September 2005
Volume 5, Issue 8
Free
Vision Sciences Society Annual Meeting Abstract  |   September 2005
Functionally distinct sub-regions in the lateral occipital complex revealed by fMRI responses to abstract 2-dimensional shapes and familiar objects
Author Affiliations
  • Damian A. Stanley
    The Center for Neural Science, New York University
  • Nava Rubin
    The Center for Neural Science, New York University
Journal of Vision September 2005, Vol.5, 911. doi:10.1167/5.8.911
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      Damian A. Stanley, Nava Rubin; Functionally distinct sub-regions in the lateral occipital complex revealed by fMRI responses to abstract 2-dimensional shapes and familiar objects. Journal of Vision 2005;5(8):911. doi: 10.1167/5.8.911.

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      © ARVO (1962-2015); The Authors (2016-present)

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Abstract

The Lateral Occipital Complex (LOC) has been consistently implicated in the perception of objects, object fragments, and shapes. The purpose of this study was to functionally characterize sub-regions within the LOC by mapping fMRI responses to images of abstract 2-Dimensional shapes and everyday objects. FMRI data were collected for 5 observers while they viewed images of objects or abstract 2-D shapes, contrasted with phase-scrambled controls of the same images in a block design. Based on these data, the LOC was divided into 3 sub-regions. A posterior region in the lateral occipital sulcus (pLOC) was more active for both objects and 2-D shapes than controls. An anterior region including the fusiform gyrus and collateral sulcus (aLOC) was more active for objects versus controls but not for 2-D shapes versus controls. A third region, posterior to aLOC and ventral to pLOC (potentially V4v), was more active for objects than controls but more active for controls than 2-D shapes (Obj+Shp-). This is consistent with reports that V4v is sensitive to local stimulus features (Grill-Spector et al, 1998) - objects and phase-scrambled controls contained more local heterogeneity than the 2-D shapes which were internally homogeneous. In addition to the localizer experiments we also performed an event-related adaptation experiment. On each trial two images (objects or shapes) were presented in rapid succession and were either identical or different. We found more adaptation in posterior than anterior regions. Interestingly, the observed adaptation was stimulus selective: in aLOC there was significant adaptation to 2-D shapes but not objects, while in Obj+Shp- this pattern was reversed. When adaptation wasn't observed it was likely due to saturation from across-trial adaptation (the same object or shape images were used on each trial). This pattern of adaptation is consistent with the findings from the localizer scans further supporting the functional distinction of these regions.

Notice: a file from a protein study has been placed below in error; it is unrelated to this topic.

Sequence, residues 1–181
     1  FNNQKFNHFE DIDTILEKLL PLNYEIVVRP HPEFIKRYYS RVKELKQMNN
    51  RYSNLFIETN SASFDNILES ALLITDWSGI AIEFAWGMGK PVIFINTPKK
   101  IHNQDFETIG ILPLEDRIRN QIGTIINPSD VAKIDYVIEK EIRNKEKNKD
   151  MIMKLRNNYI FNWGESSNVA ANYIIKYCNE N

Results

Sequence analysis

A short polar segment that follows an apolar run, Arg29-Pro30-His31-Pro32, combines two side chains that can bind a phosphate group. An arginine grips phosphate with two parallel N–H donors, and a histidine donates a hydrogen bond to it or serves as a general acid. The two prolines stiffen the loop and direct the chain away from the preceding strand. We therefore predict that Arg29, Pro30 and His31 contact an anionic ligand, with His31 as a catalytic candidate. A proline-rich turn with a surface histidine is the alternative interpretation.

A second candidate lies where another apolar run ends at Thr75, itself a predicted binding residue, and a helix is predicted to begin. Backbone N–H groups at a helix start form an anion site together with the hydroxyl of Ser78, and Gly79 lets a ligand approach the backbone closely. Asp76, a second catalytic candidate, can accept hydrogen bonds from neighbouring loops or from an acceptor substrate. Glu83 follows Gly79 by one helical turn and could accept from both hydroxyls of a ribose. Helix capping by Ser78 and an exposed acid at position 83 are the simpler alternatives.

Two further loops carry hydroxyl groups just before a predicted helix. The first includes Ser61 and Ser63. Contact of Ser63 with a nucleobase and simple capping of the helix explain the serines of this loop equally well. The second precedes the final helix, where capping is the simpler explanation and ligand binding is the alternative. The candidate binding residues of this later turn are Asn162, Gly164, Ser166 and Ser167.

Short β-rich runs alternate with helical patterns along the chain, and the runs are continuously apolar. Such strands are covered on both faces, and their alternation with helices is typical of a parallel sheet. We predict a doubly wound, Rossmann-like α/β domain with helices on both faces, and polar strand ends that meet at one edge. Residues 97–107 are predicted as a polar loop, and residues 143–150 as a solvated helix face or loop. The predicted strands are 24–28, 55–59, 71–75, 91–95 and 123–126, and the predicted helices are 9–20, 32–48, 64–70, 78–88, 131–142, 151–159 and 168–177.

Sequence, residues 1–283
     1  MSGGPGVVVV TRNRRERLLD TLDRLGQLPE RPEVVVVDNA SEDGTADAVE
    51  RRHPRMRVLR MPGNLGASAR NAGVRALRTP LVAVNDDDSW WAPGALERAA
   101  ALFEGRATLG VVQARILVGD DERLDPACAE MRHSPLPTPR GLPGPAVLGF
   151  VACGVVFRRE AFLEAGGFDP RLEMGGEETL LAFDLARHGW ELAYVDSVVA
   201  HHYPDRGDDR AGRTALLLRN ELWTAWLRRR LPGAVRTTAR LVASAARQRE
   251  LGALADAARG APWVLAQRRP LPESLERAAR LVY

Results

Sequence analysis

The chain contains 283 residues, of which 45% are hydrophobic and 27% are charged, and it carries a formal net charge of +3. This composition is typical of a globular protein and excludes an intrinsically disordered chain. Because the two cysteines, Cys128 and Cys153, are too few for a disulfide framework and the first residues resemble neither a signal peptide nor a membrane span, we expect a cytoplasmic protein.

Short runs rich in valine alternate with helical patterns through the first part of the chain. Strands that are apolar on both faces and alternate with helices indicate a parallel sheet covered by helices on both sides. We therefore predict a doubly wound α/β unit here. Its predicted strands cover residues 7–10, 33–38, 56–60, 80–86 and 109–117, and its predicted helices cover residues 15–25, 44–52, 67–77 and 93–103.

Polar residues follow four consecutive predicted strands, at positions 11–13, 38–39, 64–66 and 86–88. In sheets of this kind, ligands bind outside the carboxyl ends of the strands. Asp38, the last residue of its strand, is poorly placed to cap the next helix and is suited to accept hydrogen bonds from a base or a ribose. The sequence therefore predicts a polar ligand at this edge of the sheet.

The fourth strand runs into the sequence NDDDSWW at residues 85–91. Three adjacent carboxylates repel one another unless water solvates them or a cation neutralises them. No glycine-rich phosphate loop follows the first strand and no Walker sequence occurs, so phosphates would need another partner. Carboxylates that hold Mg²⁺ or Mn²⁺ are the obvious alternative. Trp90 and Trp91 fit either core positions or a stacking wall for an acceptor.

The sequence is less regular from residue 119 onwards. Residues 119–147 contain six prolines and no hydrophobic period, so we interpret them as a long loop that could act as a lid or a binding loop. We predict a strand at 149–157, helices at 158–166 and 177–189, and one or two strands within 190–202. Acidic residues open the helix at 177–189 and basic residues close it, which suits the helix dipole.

Stanley, D. A. Rubin, N. (2005). Functionally distinct sub-regions in the lateral occipital complex revealed by fMRI responses to abstract 2-dimensional shapes and familiar objects [Abstract]. Journal of Vision, 5(8):911, 911a, http://journalofvision.org/5/8/911/, doi:10.1167/5.8.911. [CrossRef]
Footnotes
 Funding was provided by the National Eye Institute grant EY14030 and the National Institute of Mental Health pre-doctoral Individual Kirschstein-National Research Service Award 1 F31 MH65805-01A2
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